Google and The Linux Foundation want to help open source projects manage their trademarks
Google and The Linux Foundation have been two major players in the open-source software community. Now, the two are independently committing to help open source projects manage their trademarks effectively and judiciously. Google has announced a new foundation called Open Usage Commons along with academicians and industry partners, while The Linux Foundation has reiterated its support for fair open source licensing and trademark ownership via its Project Hosting program.
The efforts from both groups emphasize independent and neutral ownership of a trademark by a community instead of a single company or stakeholder. This is because trademarks such as a logo, badge, or even the name of the project are often hallmarks of quality and must be used wisely and consistently. Open Usage Commons and The Linux Foundation wish to standardize the process of using—or reusing—trademarks while also partaking in conformance testing of the open source forks.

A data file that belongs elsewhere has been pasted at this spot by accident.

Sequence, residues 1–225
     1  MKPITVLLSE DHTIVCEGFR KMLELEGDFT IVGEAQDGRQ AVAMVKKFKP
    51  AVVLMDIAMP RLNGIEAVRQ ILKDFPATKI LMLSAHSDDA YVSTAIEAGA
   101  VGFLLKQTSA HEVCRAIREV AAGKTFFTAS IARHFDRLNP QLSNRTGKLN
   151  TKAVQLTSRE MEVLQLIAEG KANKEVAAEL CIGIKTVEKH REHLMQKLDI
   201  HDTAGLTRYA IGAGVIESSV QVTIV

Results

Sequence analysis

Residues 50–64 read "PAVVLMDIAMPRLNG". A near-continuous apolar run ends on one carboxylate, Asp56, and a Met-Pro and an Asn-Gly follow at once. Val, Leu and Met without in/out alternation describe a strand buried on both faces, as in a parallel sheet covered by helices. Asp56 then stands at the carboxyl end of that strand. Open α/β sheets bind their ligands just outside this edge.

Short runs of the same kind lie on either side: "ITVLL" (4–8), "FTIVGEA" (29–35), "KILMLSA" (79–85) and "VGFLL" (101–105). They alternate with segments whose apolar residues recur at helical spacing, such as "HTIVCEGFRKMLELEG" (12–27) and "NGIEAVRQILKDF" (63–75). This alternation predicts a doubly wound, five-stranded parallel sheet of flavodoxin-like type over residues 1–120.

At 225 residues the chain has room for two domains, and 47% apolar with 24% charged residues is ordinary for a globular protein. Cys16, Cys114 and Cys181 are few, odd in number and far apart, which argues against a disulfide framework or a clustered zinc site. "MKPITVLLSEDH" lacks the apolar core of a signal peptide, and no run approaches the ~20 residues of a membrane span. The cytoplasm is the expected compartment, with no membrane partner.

Open Usage Commons will also extend legal assistance and provide knowledge to users and distributors of the open source code. The primary objective is to educate coders that an open source license is distinct from the trademark. Open Usage Commons will also ensure that the usage of a trademark is neutral, consistent, and clearly conveys the “acceptable uses” of the licensed code. In the beginning, Angular (an online platform to build web and mobile apps), Gerrit (an online team collaboration tool for code management), and Istio (an open platform for managing microservices), are joining Open Usage Commons. If you also want your project to be maintained by the organization, you can email [email protected].
Meanwhile, The Linux Foundation is providing support for hosting open source projects, offering services as “the neutral owner of the core assets and accounts for projects including domains, online service accounts (e.g. GitHub, Twitter, etc), and trademarks.” Contributions to the code of any open source project are owned by the contributor and licensed to The Linux Foundation under the Contributor License Agreement. The Foundation also provides admin, IT, and marketing support for projects along with helping maintainers get new training or funding. To host your project under The Linux Foundation, click on this link.